The basics of the life and death---on Wednesday at age 97--- of Art Linkletter were widely reported in the mainstream media. That's only fitting, as he did more than just about anyone to shape the form, if not the content, of modern media. His House Party program began on radio in 1944 and moved to television in 1954---where it stayed until 1969.
That program made Linkletter one of the most famous men in America to baby boomers and their parents. But he actually had been on television since the late 1940s. Many families in the post-war era got their first TV sets and could pick up Art Linkletter and little else. Indeed, if the word "television pioneer" can be applied to anyone, it is Linkletter.
But the mainstream media tended to neglect Linkletter's behind-the-scenes role in the rise of the conservative movement. He was an entrepreneur and free-market advocate who made millions in television, and millions more outside of medium, as the author of 20 books, several of which were national bestsellers (Kids Say the Darnedest Things and Old Age Is Not for Sissies), and in business ventures that ranged from commodities trading to hula hoops.
His public persona, as an affable TV host, was mostly apolitical through the 1940s and '50s. But he was a supporter of Ronald Reagan through the '60s, and his image took on a new dimension when his daughter died of a drug-related suicide in 1970. He spoke out more forcefully against drugs and against what he called the "moral decline" of the country, and President Nixon appointed him to an anti-drug commission. He put his money and his celebrity status to work for conservative causes and the Republican Party. When the American Association for Retired Persons (AARP) began to champion liberal political causes, he became a spokesman for a conservative alternative to AARP called USA Next. He also served on the board of Pepperdine University, a Christian college in Malibu, Calif., near his home.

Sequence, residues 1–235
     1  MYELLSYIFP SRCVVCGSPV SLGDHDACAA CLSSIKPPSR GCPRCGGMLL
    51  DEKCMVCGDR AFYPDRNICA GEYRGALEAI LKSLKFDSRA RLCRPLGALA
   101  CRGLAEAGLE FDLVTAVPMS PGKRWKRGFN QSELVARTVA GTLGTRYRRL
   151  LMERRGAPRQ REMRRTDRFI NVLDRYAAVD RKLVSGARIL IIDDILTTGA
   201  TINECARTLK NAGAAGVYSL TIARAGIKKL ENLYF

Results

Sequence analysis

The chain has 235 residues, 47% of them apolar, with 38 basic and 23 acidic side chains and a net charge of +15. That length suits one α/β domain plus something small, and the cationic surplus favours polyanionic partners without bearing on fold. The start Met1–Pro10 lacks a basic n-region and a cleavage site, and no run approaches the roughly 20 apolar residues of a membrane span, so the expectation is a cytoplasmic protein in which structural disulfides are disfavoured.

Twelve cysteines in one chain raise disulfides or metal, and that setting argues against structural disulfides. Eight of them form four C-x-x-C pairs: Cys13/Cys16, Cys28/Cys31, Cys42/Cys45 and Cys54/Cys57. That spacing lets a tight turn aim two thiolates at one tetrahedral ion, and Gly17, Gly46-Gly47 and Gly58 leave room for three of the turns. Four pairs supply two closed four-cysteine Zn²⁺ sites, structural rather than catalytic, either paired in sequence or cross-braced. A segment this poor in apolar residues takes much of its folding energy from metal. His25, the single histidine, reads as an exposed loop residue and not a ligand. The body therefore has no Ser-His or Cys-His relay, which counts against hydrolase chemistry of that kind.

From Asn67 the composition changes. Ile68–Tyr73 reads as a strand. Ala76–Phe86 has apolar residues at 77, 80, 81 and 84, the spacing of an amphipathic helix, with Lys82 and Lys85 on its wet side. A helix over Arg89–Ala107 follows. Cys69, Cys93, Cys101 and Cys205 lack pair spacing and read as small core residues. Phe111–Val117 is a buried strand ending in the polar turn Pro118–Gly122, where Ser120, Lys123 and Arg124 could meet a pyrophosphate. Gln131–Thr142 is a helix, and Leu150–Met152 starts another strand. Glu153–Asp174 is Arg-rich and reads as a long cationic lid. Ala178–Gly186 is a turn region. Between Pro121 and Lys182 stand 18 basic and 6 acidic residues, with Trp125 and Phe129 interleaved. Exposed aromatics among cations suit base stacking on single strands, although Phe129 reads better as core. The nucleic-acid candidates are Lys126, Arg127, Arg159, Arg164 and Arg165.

When he gave speeches to conservative groups---which he often did---he was usually introduced to audiences, many of whom were too young to see him in his heyday, by a reel of TV clips showing him with Reagan and other conservative icons. These clips established his conservative "bona fides" and invariably "fired up" the groups. But the speeches themselves were the true "highlight reel." Into his mid-90s, he would speak in a forceful and polished tone, for a half-hour or more, with no notes whatsoever. He reveled crowds with anecdotes of Reagan and the early days of television, but---in true show-biz "leave 'em laughing, leave 'em crying" fashion---he would close with words of appreciation for the group he was speaking to, and he would exhort them to even greater sacrifice and commitment.
Linkletter himself, who was abandoned as an infant and adopted and raised by a preacher, was self-effacing about his accomplishments. He often said his greatest achievement was his 74-year marriage to wife, Lois, who survives him. By Hollywood standards, or any other, it was a rare feat, indeed.